Greece on the Mend: Investors Find New Land of Opportunity

John Paulson

John Paulson

The severely battered Greek economy is on the mend. A rebound may even be in the works. The same hedge funds that contributed in no small measure to Greece’s downfall are now seen as the engines of the country’s revival.

The rush into Greek equities is led by none other than John Paulson whose Paulson & Co. hedge fund has already booked a 290% profit on its sizeable stake in Alpha Bank. Mr Paulson now wants more and has nothing but praise for the Greek government: “Its pro-business stance is decidedly helpful.”

Mr Paulson – who made $3.7 billion in 2007 short-selling subprime mortgages – expects the banking sector to benefit most from the improved economic conditions. “Both Alpha and Piraeus banks are now very well capitalised and poised to recover with sound management in place.” The US investor emphasizes that Greek banks were the victims of the financial crisis rather than its cause as was the case with banks in Spain and Ireland.

The two main Greek banks have seen their shares rally significantly since their recapitalisation earlier this year; separately traded warrants have already doubled in value. These warrants were given to investors participating in the June bail-out of Greek banks and may eventually be swapped for shares at a set price. Though Alpha Bank shares have shot up 32% over the past three months, they are still trading at only 0.8 times the bank’s book value.

Banks are by no means the only star-performers at the Athens exchange. Investors have been snapping up shares of lottery operator OPAP (up 70% so far this year), telecom giant OTE (+63%) and mining conglomerate Ellaktor (+48%).

“Both Alpha and Piraeus banks are now very well capitalised and poised to recover with sound management in place.”

Achilles Risvas of Dromeus Capital, a hedge fund specifically set up to cash in on Greece’s recovery, thinks the good times haven’t even fully begun yet: “People laughed at us when we launched Dromeus; now they want to invest with us.” In 2012, Dromeus Capital was up a market-beating 40%. So far this year, the fund has returned a staggering 93%.

Mr Risvas sees plenty of future opportunities, particularly on the private markets: “Real estate may be close to bottoming out and should shortly become a most promising segment, though the upswing in publically traded companies is far from over.”

Foreign direct investment in Greece is also gaining some lost ground. Hewlett Packard, SAP and Boehringer Ingelheim have expanded their presence in the country. “We are a great place for investments and working hard to make it an even better one,” says Notis Mitarakis, Greece´s Deputy Minister for Development and Competitiveness.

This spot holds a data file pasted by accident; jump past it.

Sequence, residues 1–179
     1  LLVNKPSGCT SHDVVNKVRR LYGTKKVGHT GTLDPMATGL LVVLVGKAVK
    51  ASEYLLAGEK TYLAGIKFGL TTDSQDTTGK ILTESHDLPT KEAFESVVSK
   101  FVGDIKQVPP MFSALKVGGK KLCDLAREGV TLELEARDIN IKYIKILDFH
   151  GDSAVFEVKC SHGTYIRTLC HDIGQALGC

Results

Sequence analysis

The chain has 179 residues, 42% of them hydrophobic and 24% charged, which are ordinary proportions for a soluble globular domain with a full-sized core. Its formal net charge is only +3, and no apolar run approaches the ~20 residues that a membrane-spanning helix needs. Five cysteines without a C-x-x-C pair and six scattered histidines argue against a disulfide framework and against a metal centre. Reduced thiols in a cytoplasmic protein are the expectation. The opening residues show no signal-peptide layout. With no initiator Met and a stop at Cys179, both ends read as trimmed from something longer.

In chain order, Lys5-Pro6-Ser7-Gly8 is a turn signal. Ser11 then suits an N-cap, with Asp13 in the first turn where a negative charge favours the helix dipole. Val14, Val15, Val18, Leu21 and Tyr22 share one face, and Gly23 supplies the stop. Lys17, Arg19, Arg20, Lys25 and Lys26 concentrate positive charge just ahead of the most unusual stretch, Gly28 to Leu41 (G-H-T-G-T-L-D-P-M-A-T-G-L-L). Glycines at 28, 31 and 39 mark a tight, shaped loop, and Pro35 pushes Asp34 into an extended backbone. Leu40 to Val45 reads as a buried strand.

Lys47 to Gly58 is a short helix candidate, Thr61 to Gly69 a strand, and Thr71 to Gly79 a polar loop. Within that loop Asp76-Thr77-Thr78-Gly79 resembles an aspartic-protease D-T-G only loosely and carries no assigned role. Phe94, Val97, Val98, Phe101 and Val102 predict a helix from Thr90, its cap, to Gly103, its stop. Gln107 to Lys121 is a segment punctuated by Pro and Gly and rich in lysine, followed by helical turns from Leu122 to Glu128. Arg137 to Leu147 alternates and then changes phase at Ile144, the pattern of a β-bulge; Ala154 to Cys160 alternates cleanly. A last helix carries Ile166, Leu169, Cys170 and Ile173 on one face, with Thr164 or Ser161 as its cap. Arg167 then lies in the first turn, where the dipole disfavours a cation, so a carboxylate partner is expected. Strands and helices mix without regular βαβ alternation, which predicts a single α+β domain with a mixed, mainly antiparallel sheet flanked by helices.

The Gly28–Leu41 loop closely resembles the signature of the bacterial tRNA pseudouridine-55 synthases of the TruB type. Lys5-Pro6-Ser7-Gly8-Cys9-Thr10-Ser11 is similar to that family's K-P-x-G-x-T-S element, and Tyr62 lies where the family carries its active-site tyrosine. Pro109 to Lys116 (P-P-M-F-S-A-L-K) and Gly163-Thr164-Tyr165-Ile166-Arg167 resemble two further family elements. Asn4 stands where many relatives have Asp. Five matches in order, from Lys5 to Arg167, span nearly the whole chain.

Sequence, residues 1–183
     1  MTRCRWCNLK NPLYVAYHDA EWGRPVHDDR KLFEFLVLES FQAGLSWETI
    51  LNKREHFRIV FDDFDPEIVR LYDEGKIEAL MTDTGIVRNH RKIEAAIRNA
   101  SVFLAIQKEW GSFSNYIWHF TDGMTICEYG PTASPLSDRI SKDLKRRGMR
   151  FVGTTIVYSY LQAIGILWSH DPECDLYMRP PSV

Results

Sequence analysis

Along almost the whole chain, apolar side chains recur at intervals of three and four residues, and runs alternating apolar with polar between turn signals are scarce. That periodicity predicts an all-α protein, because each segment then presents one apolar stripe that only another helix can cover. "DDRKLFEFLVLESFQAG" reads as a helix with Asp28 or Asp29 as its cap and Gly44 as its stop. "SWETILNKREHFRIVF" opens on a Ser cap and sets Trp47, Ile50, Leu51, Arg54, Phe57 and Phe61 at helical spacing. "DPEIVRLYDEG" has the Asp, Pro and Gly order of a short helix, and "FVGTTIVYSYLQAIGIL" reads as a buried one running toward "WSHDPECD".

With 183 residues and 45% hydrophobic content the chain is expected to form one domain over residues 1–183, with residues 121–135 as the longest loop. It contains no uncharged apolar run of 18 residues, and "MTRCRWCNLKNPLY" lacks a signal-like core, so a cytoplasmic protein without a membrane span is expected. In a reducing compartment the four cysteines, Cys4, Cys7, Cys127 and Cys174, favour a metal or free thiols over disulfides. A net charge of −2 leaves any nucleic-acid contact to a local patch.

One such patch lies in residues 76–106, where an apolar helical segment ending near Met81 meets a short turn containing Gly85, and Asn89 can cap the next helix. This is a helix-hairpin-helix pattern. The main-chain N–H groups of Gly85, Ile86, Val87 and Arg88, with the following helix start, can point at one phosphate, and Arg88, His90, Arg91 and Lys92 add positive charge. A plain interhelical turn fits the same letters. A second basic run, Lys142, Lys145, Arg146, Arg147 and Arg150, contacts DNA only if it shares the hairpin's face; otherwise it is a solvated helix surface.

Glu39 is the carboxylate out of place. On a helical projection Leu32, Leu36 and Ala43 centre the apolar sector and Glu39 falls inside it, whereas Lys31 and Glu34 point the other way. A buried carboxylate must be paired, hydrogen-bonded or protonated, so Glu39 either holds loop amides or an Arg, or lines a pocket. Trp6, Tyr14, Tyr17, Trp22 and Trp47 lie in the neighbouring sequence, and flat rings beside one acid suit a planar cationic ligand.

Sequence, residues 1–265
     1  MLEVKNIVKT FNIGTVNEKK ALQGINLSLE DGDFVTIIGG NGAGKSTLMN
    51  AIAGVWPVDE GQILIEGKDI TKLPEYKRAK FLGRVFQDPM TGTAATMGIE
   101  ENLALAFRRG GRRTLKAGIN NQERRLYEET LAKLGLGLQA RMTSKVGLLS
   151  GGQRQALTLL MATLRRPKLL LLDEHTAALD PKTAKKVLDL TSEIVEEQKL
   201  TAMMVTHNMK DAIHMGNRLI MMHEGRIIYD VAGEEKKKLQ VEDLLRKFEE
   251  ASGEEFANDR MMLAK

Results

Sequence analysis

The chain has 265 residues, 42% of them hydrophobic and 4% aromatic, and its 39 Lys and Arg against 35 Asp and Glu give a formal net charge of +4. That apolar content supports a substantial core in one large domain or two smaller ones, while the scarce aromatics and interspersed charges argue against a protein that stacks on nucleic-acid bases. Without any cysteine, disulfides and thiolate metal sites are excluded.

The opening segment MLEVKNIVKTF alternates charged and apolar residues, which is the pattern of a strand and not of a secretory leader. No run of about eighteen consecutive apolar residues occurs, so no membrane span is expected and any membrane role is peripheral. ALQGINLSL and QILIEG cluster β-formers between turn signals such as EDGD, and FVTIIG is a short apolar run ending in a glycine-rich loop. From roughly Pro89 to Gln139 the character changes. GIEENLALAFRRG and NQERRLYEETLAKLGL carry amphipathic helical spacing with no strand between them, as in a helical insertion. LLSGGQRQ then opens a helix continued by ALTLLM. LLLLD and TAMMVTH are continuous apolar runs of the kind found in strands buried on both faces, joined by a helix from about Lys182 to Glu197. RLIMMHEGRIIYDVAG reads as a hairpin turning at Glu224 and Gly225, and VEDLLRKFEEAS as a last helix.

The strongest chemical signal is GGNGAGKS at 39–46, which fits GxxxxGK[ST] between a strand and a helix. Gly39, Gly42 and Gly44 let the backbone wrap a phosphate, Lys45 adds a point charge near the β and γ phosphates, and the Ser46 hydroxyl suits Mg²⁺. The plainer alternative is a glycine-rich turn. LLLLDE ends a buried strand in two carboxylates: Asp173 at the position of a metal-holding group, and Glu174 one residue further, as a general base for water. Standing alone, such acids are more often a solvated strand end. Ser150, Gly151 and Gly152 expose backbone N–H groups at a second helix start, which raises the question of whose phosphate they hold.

Mr Mitarakis joined Prime Minister Antonis Samaras earlier this month in New York to pitch their country to US investors. “We now have legislation in place that speeds up the formation of new businesses. Red tape is being cut by the yard. Greece is dead-set on becoming the place to be.”

However, Mr Mitarakis’ job is far from done. Though moving in the right direction, Greece is still a country not quite suited for the fast and furious business dynamics its government seeks to foster. On the World Bank’s latest annual Ease of Doing Business ranking, Greece has moved up to slot number 78 (out of 183). In 2010, the country ranked 109th and lagged far behind any other EU member state.

But, even with new streamlined procedures in place, Greece remains one of the most difficult places in the world (146th) to start a new business. “For investments two flow, two basic requirements need to be met. There must be an opportunity to profit and a legal framework that protects the investor. Opportunities abound, but much of our regulation remains a bit too stiff and antiquated,” admits Mr Mitarakis.

The secret to unlocking Greece’s potential for economic growth is finding a way to engage the huge stock of domestic capital now sheltering elsewhere. “Any return to prosperity must go via the repatriation of the billions that fled the country as it imploded. We cannot really expect foreign investments to drive future growth while Greek investors keep up their vote of no confidence,” says Achilles Risvas who thinks the Samaras government is on the right track but might want to consider speeding up the necessary reforms. “This is not the time for complacency. Good progress is being made but in order for Greece to recover lost ground much more needs to be done.”


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